Enhanced ionic conductivity of 8 mol% yttria stabilized zirconia by flash sintering

Conference Dates

March 10-15, 2019


The high conductivity of O2- ions in YSZ has led to its selection as the preferred electrolyte in many solid oxide fuel cell and oxygen sensor applications[1] because of its good chemical and structural stability under the temperature and environmental conditions in operational fuel cells[2]. The addition of yttria to zirconia increases the concentration of oxygen ion vacancies, as the principal mechanism of charge compensation on replacement of Zr4+by Y3+ leads toenhanced ionic transport in the electrolyte. The highest conductivity is obtained in the cubic phase of zirconia containing 8-10 mol% Y2O3.

There is much current interest in flash sintering as a novel, rapid sintering method which has evolved from initial studies on YSZ[3]. It was reported[4] that partially-stabilized, tetragonal YSZ ceramics of composition 3 mol% Y2O3, prepared by both conventional sintering and field-assisted flash sintering, developed similar microstructures. Impedance measurements showed the presence of grain and grain boundary components and at a given temperature of 300 °C, the conductivities of flash-sintered samples were 2 to 3 times higher than those of conventionally-sintered samples. This increase appeared to be not due to microstructural effects or changes; it was presumed, but not confirmed, that the conductivity increase was ionic. It has been suggested that flash sintering generates defect concentrations far above equilibrium values[5], some of which may be retained after flash. The increased conductivities were attributed to increased carrier (oxygen vacancy) concentration, although the mechanism by which these extra carriers were created was unclear. Experimental measurements of residual lattice expansion after flash were attributed to the creation of a high concentration of oxygen Frenkel defects during flash; first principles calculations showed that oxygen-related defects may be produced in much higher concentration than Zr-related defects[6].

In the present work, the ionic conductivity of flash-sintered, polycrystalline 8 mol% yttria stabilized zirconia (8YSZ) is investigated. Flash sintering was carried out at a furnace temperature of 850 °C with an electric field of 100 V cm–1 to initiate flash, the current density limit was varied between 60 and 100 mA mm–2. Post-flash impedance spectroscopy measurements over the range 215–900 °C showed that both bulk and grain boundary conductivities had increased with the increased current density limit which was set prior to flash. The conductivity increases post-flash were ionic, not electronic, although electronic conductivity probably occurred, in addition to ionic conductivity, during flash and were not attributable to sample densification or microstructural changes. The higher ionic conductivities are attributed to a change in YSZ defect structure that led to an increased concentration of mobile charge carriers.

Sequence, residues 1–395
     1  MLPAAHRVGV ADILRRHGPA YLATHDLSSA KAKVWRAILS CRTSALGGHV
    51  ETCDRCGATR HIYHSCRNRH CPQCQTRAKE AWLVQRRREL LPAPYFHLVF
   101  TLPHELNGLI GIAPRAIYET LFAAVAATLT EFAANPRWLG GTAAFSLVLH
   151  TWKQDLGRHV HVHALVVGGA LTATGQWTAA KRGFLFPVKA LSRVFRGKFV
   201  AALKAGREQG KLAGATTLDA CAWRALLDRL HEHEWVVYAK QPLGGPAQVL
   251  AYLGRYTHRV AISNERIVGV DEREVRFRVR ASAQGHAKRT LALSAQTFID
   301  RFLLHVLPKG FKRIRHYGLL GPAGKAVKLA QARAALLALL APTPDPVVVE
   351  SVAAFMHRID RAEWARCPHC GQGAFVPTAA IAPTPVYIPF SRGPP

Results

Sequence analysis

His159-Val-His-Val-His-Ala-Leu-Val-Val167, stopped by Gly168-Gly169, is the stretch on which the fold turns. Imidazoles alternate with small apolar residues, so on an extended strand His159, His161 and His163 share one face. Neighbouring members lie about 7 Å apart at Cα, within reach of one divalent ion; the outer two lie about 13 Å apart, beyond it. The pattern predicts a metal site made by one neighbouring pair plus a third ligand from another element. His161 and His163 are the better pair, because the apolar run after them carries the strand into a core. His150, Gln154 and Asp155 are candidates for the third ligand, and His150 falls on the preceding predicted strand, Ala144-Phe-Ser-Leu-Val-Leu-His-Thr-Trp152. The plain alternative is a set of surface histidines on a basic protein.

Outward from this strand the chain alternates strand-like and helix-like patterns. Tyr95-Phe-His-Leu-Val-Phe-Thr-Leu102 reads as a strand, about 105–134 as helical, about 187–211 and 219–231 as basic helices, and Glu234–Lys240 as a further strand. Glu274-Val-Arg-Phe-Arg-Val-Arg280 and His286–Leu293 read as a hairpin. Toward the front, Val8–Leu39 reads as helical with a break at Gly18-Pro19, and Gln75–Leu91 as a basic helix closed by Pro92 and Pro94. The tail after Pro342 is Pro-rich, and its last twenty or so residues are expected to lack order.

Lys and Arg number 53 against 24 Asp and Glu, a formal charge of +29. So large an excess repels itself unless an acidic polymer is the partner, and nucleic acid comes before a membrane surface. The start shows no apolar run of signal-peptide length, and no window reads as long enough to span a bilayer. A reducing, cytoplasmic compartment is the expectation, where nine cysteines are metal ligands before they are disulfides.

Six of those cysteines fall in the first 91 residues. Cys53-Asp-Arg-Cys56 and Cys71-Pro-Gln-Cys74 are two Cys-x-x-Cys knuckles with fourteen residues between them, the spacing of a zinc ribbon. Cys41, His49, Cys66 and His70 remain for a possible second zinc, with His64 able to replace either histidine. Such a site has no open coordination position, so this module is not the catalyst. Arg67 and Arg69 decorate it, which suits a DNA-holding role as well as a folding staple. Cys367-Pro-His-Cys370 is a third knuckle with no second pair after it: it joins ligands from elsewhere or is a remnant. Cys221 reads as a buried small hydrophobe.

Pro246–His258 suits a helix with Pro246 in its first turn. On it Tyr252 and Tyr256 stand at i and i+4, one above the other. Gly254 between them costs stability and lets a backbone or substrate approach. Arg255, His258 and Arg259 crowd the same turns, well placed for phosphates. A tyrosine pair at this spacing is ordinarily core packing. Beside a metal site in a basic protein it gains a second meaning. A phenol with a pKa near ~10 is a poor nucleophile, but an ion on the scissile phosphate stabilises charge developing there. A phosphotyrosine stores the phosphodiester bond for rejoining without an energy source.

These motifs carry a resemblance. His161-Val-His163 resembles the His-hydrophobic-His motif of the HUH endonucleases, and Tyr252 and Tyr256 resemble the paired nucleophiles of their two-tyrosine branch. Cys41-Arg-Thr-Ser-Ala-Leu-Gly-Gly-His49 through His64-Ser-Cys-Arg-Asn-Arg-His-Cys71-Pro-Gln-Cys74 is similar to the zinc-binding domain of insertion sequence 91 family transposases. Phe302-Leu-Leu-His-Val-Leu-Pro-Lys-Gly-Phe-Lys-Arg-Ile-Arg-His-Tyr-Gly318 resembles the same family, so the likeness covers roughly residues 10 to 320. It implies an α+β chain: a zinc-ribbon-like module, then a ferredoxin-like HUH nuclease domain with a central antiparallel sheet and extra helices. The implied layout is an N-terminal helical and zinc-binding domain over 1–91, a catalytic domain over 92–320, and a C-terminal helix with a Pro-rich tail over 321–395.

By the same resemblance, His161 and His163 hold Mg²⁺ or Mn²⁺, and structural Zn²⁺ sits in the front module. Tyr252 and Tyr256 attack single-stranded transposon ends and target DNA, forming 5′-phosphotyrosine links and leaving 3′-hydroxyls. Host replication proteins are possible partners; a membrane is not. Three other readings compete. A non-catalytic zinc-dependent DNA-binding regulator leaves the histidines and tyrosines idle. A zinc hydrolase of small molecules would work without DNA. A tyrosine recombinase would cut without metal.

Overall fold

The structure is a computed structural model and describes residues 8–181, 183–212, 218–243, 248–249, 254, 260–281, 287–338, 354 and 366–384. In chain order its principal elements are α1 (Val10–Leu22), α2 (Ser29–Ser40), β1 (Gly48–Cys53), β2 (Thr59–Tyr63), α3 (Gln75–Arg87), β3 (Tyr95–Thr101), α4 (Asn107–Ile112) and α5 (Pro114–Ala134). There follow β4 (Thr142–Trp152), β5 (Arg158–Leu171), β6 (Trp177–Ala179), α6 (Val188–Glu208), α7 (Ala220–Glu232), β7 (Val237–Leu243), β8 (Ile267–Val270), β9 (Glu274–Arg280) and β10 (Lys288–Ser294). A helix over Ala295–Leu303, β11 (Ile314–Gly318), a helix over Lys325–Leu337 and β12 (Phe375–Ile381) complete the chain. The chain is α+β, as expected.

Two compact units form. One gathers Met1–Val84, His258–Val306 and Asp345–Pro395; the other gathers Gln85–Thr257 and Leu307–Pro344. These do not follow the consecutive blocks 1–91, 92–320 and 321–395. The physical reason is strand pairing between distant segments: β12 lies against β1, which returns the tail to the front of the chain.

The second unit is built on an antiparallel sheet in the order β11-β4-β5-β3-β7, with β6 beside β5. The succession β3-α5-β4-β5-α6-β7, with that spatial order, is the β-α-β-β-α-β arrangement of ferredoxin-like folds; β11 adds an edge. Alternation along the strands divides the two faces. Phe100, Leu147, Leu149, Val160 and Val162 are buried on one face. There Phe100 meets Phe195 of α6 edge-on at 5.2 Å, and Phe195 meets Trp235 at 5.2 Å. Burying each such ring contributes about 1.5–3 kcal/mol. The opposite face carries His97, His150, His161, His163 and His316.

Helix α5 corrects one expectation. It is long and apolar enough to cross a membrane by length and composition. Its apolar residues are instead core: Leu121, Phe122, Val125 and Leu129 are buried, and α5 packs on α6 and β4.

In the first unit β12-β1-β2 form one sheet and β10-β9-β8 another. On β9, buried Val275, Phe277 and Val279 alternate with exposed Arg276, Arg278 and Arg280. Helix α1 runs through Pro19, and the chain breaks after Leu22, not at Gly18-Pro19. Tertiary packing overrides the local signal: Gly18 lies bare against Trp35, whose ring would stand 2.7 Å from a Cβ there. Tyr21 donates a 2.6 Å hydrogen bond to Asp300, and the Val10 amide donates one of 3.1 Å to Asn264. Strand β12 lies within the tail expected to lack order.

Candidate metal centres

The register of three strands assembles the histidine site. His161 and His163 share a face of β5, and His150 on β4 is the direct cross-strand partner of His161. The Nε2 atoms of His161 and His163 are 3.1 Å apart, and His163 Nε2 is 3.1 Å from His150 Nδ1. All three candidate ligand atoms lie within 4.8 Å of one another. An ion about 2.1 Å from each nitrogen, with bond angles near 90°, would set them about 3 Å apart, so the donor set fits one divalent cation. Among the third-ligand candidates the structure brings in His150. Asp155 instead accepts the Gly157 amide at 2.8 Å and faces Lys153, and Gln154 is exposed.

[1] N.Q. Minh, Ceramic Fuel Cells, J. Am. Ceram. Soc. 76 (1993) 563–588.

[2] B. Butz, R. Schneider, D. Gerthsen, M. Schowalter, A. Rosenauer, Decomposition of 8.5 mol.% Y2O3-doped zirconia and its contribution to the degradation of ionic conductivity, Acta Mater. 57 (2009) 5480–5490.

[3] M. Cologna, A.L.G. Prette, R. Raj, Flash-Sintering of Cubic Yttria-Stabilized Zirconia at 750°C for Possible Use in SOFC Manufacturing, J. Am. Ceram. Soc. 94 (2011) 316–319.

[4] J.C. M’Peko, J.S.C. Francis, R. Raj, Impedance spectroscopy and dielectric properties of flash versus conventionally sintered yttria-doped zirconia electroceramics viewed at the microstructural level, J. Am. Ceram. Soc. 96 (2013).

[5] R. Raj, M. Cologna, J.S.C. Francis, Influence of externally imposed and internally generated electrical fields on grain growth, diffusional creep, sintering and related phenomena in ceramics, J. Am. Ceram. Soc. 94 (2011) 1941–1965.

[6] J.M. Lebrun, C.S. Hellberg, S.K. Jha, W.M. Kriven, A. Steveson, K.C. Seymour, N. Bernstein, S.C. Erwin, R. Raj, In-situ measurements of lattice expansion related to defect generation during flash sintering, J. Am. Ceram. Soc. 100 (2017) 4965–4970.

* Current address: Institute of Energy Technologies, Department of Chemical Engineering, Universitat Politècnica de Catalunya, Barcelona 08019, Spain

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